The collimating effect of self-generated magnetic fields on fast-electron transport in solid aluminium targets irradiated by ultra-intense, picosecond laser pulses is investigated in this study. As the target thickness is varied in the range of 25 mu m to 1.4 mm, the maximum energies of protons accelerated from the rear surface are measured to infer changes in the fast-electron density and therefore the divergence of the fast-electron beam transported through the target. Purely ballistic spreading of the fast-electrons would result in a much faster decrease in the maximum proton energy with increasing target thickness than that measured. This implies that some degree of 'global' magnetic pinching of the fast-electrons occurs, particularly for thick (>400 mu m) targets. Numerical simulations of electron transport are in good agreement with the experimental data and show that the pinching effect of the magnetic field in thin targets is significantly reduced due to disruption of the field growth by refluxing fast-electrons.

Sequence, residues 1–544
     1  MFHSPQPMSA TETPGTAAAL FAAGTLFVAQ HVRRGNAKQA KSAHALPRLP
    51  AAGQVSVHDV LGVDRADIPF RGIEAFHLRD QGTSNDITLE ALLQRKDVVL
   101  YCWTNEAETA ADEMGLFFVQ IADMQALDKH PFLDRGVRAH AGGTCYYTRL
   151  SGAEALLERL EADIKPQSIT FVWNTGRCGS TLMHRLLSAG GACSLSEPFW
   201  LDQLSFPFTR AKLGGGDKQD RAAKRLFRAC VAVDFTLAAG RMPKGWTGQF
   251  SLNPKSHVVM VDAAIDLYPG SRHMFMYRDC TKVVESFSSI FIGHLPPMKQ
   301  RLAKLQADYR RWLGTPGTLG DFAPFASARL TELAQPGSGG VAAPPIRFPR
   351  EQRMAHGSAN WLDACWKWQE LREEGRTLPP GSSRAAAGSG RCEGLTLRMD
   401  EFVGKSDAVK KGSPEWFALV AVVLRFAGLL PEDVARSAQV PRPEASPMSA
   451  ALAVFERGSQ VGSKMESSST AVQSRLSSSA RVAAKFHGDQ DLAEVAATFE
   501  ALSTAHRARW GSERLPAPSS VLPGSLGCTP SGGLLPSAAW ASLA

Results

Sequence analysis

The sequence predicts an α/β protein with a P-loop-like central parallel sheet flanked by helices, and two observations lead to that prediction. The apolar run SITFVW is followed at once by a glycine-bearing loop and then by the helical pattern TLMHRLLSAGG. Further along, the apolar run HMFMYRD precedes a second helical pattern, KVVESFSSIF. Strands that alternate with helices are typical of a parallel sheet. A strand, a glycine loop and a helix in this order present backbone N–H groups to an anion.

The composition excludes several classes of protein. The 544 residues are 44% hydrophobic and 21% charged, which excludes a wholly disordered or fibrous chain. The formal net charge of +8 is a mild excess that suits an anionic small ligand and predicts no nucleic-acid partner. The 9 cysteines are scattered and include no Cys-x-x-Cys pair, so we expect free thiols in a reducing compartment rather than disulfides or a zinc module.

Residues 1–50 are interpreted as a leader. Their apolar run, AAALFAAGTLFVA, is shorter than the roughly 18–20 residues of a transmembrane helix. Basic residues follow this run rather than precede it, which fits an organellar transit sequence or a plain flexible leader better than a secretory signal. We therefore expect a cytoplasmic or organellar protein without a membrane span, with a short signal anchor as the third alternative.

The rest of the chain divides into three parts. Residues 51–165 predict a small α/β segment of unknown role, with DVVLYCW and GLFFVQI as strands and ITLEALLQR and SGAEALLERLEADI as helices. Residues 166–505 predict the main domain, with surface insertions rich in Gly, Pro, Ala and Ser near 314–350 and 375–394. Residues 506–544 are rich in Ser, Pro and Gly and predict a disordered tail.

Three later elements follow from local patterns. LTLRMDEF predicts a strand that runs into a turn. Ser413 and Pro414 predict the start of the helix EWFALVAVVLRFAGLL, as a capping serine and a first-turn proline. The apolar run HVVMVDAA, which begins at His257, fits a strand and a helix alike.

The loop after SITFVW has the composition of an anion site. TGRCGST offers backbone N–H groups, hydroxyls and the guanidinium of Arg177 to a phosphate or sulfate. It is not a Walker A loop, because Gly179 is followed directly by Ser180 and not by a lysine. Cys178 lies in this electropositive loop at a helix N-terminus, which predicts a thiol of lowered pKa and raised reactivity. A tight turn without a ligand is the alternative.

- Physics and Astronomy(all)